The defendant's emphasis on the issue of the ownership of the dwelling house here is misplaced. We have stated that the reason for prohibiting the offense of first degree burglary "is to protect the habitation of men, where they repose and sleep, from meditated harm." State v. Surles, 230 N.C. 272, 275, 52 S.E.2d 880, 882 (1949). We have also held that in burglary cases occupation or possession of a dwelling is equivalent to ownership, and actual ownership of the premises need not be proved. State v. Beaver, 291 N.C. 137, 229 S.E.2d 179 (1976). These holdings recognize that the inquiry relevant to this element of the crime is whether the premises is the dwelling of another, not whether it is owned by another. The trial court was not required to give any instruction concerning the ownership of the house, as the concept of title is not controlling in ascertaining whether the offense has been committed.
In order to sustain a conviction for burglary it is incumbent upon the State to produce substantial evidence tending to show that the premises broken into is the dwelling house of another. "Dwelling house" has been defined as "The house in which a man lives with his family; a residence; abode; habitation; the apartment or building, or group of buildings, occupied by a family as a place of residence." Black's Law Dictionary 596 (rev. 4th ed. 1968). During the State's case-in-chief, evidence was presented which showed that Dease had been living in the house for five months prior to her death, her brother had been staying there for a month prior to the killing, and that on the night of the killing, Dease, her two children, her brother and Nathaniel Leader were occupying the house. We hold that this evidence was sufficient to support a finding that the structure broken into was the dwelling house of another, that other person being Catherine Dease.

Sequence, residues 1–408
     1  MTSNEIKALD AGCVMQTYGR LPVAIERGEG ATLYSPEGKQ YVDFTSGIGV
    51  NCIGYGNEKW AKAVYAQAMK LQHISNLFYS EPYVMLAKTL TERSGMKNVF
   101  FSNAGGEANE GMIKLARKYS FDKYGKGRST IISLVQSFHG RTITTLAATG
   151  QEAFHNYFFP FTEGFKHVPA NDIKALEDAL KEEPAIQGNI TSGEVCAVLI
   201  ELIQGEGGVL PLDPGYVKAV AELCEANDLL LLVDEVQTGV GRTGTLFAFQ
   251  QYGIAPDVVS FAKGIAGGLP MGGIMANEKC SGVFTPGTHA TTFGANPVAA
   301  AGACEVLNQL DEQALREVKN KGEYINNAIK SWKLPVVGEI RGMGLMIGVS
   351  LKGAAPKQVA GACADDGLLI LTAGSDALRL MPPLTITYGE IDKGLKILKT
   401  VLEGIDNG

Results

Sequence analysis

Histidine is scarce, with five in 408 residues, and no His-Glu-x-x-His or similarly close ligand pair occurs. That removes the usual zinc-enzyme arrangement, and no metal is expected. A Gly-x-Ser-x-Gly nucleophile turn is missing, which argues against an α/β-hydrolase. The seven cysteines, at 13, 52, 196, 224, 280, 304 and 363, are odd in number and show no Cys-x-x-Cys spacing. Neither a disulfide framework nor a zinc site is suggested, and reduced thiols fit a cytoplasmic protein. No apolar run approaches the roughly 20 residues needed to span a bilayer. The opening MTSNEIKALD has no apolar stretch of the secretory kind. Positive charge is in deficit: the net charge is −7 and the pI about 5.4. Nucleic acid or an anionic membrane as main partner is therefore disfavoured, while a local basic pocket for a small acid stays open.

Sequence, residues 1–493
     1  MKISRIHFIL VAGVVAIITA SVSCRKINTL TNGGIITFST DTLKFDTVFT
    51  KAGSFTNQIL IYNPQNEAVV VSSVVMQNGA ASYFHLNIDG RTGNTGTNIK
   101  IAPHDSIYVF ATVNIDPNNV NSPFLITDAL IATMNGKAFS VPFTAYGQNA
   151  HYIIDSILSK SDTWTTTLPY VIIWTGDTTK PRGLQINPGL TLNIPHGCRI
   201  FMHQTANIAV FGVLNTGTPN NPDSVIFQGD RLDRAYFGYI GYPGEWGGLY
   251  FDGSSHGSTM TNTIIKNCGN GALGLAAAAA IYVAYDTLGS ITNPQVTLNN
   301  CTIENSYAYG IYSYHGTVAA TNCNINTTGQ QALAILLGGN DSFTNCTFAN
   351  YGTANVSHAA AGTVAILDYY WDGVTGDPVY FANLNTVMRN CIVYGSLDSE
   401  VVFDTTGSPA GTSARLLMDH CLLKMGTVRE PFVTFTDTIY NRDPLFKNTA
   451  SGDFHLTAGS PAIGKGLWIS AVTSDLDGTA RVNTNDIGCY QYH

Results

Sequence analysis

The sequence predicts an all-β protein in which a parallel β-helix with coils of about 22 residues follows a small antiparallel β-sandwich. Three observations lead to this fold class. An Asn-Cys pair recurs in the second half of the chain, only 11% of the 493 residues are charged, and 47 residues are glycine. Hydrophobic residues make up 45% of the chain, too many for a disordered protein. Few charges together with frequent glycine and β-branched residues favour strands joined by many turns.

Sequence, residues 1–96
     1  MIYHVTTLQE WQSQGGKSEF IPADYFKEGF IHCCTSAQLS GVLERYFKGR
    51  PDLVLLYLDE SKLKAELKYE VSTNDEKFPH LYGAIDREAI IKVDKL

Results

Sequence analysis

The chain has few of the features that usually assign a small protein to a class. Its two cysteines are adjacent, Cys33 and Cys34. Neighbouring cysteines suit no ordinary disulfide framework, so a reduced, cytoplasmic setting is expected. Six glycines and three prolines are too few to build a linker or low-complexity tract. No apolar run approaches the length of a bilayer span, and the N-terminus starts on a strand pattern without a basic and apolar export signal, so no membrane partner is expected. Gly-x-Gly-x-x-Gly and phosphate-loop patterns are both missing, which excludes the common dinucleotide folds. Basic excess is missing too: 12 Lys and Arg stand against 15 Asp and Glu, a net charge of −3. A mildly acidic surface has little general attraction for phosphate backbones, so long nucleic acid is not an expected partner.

Finally, we point out that even if the trial court had been required to give the instruction now put forth, the defendant's argument that the first degree murder conviction would have to be vacated is erroneous. In its instruction on the first degree murder indictment, the trial court charged the jury only on the theory that the killing was committed with premeditation and deliberation and did not charge on the theory that the killing occurred pursuant to a felony. The murder conviction was in no way dependent upon the burglary conviction.
*223 The defendant received a fair trial free from prejudicial error.
VAUGHN, J., took no part in the consideration or decision of this case.